How Bank Connectivity Can Throw a Wrench in Your ERP Migration

By Remy Dubois

Frequently in information technology, new terms are developed without taking into consideration the importance of the words that make up the term.

This applies directly to the term “multi-bank connectivity” – with the focus being on “multi.”

Being able to effectively manage multiple – or more accurately many – banks is critical. What is important to consider is the four following elements of banks:

  • A bank is an outside organisation and not an internal entity with typical IT Integration
  • A bank is a very process-oriented organisation because of its compliance and security requirements
  • International banks operate in different time zones that could have up to a 12-hour time difference with where you are located

Your contacts in some banks might have challenges with English or your native language and the technical work will be a challenge

How Many Banks are Often Involved in Multi-bank Connectivity?

When we say “multi-bank,” we don’t just mean connectivity to two or three banks. In some cases companies have to manage 10 or 20, if not 50 to 100 banks.

The Implications of Multi-bank Connectivity on IT Departments

When a home-grown, IT-led bank connectivity project is kicked off, the difficulty of adding successive banks to ERP software is typically one of the most underestimated areas of the project. The complexity and the very large scope of different tasks to be done make bank connectivity a very misunderstood and often underestimated domain.

The Work Involved in Integrating to Banks

Traditionally customers looking to deploy a global payments factory would require internal IT resources to build and test payment formats and flows to their banks.

The number of variables that go into a payment format means there are hundreds of format customisations that need to be modified and tested in each environment, then the testing begins with the bank which rarely works the first time.

These format customisations include:

  • the bank
  • the initiating branch
  • the receiving branch
  • the payment type
  • if there is an FX conversion
  • urgent or non-urgent payment
  • the currency
  • other regional or bank-specific fields

The magnitude of formats and scenarios that need to be built and tested can be enormous and overwhelming. This is particularly true because most application integration that IT departments perform is connecting one application to another application. When companies are entering a significant project, IT resources are already stretched incredibly thin with little time to build and test all required payment formats.

Payment Scenarios and Payment Scenario Variances

The variances between the banks in terms of protocols, file formats and security among other factors often become a one-off integration for a specific payment scenario for each bank.

A payment scenario could be Bank A – Initiating Branch Frankfurt – Receiving Branch Madrid- SEPA Payment-Non-urgent- No FX- Euro.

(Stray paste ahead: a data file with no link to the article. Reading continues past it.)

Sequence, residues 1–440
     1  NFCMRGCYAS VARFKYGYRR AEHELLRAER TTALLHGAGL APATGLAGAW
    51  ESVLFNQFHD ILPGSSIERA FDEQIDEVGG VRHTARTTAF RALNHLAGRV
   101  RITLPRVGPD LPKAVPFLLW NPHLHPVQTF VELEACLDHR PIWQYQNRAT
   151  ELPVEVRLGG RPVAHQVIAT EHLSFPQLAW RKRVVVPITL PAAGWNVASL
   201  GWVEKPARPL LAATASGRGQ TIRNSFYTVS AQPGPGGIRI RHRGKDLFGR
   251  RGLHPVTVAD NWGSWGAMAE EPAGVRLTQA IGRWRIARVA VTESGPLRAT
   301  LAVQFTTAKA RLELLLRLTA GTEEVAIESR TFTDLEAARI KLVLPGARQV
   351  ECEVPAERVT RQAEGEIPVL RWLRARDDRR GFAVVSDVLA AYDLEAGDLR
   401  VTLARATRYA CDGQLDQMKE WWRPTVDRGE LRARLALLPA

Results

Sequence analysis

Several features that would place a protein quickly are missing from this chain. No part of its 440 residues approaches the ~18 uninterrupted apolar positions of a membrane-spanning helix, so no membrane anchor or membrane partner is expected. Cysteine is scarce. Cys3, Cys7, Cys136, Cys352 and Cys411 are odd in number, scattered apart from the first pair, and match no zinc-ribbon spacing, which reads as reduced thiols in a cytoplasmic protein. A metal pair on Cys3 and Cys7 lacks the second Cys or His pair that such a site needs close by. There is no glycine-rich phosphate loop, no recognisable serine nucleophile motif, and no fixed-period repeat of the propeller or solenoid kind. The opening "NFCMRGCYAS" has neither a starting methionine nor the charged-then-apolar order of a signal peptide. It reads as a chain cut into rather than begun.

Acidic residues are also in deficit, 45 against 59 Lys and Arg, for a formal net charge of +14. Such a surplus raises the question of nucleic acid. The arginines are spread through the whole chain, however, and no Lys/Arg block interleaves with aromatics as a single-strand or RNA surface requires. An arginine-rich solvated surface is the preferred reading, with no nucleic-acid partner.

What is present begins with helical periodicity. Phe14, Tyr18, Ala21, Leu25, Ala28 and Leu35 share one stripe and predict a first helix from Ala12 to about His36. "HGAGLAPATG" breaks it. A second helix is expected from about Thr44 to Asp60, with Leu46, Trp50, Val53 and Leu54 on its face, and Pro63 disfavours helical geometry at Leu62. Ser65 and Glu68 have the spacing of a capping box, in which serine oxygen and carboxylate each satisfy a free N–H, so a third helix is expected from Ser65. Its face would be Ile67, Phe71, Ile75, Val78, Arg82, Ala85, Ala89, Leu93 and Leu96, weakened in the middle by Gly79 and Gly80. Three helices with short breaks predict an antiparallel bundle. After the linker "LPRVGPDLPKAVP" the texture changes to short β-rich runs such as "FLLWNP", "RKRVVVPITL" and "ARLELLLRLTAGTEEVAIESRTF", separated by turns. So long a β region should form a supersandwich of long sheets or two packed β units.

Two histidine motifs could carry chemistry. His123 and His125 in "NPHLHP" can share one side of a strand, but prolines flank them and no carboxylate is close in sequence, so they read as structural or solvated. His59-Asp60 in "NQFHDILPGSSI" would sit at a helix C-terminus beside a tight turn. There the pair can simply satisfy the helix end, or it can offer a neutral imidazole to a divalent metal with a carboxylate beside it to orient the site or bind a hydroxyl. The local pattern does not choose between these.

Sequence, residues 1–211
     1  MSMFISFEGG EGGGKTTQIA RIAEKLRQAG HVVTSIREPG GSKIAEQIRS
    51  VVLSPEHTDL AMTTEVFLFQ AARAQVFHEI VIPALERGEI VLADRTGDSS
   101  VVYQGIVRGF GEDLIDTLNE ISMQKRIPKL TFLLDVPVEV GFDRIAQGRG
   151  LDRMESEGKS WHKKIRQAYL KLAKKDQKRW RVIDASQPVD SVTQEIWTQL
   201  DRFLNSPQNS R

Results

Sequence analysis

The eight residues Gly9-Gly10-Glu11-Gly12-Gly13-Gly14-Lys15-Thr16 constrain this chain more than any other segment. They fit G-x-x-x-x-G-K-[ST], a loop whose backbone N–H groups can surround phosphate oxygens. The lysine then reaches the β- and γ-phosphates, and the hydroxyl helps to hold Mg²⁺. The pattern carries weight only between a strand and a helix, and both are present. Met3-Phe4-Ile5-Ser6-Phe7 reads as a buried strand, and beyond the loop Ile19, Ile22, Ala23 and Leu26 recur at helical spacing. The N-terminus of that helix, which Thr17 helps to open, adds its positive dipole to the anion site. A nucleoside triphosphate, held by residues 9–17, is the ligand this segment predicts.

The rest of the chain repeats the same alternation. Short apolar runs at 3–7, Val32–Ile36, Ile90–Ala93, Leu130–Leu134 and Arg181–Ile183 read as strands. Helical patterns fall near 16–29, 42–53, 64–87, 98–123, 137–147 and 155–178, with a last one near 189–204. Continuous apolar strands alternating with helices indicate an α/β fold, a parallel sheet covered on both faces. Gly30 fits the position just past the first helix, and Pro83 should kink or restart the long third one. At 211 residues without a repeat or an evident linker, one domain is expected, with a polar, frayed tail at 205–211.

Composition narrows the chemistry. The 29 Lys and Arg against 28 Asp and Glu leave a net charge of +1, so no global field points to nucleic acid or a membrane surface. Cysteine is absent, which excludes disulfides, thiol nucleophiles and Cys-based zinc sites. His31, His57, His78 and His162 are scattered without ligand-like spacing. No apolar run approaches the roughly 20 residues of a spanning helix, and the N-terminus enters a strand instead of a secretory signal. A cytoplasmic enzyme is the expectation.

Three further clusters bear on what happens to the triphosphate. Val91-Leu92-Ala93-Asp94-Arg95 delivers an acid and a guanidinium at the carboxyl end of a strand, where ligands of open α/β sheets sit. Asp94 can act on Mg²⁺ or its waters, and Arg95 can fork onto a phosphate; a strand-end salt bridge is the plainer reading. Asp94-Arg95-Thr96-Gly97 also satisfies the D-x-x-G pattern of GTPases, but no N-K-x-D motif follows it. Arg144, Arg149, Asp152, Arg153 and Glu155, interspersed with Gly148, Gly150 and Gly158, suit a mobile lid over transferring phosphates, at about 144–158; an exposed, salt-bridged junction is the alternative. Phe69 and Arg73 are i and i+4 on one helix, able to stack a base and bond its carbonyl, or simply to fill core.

The payment scenarios need to be tested with the bank as errors will lead to payment failures. This is because for a payment to go through, everything must exactly meet the mandated requirements for each bank. However, then the IT department must keep track of the variances between banks.

In order to go live with a bank for connectivity, one will generally require between three, five or ten formats. However, there are roughly five hundred variants for international bank connectivity projects.

The sequence of steps to enable the bank connectivity is often the following:

  1. Specification Development: With an ERP it is necessary to develop all of the data specifications after receiving the information from the bank.
  2. Extraction and Transformation: The next step is to create the extraction and transformation code that will extract the right data from the ERP database. Alternatively, if a multi-bank connectivity application is used as their integration workbench to set up the payment files, they typically must be moved individually between the ERP software and each bank. In either case, the IT department is in for a large amount of work, and in our analysis, multi-bank connectivity increases the workload over using standard development languages to create the connectivity.
  3. Testing: Then the interface is tested with a penny value with the participating bank. The first time the connection is run, it will, in nearly all cases, not work.
  4. Working Out the Bugs or Errors in the Interface: The participating bank will explain why the integration failed. However, the customer’s IT team will often not understand the explanation provided by the bank as banks use their own terminology and domain expertise that is unfamiliar to IT departments. Each scenario will often change the information that is required to be sent. As an example, one scenario which sends payment information from Germany to Poland changes when the payment is sent from Germany to Dubai. This changes again when the payment types change. Whether or not the payment is urgent changes the data that is required yet again. Each scenario changes the data that must be sent, and a single missing field or incorrect format means failure for that test.

As a result of this complexity, it is very typical to take six to 12 months to add a new bank and a scope of 5 or 10 if not 80 banks could compromise the success of your ERP migration.

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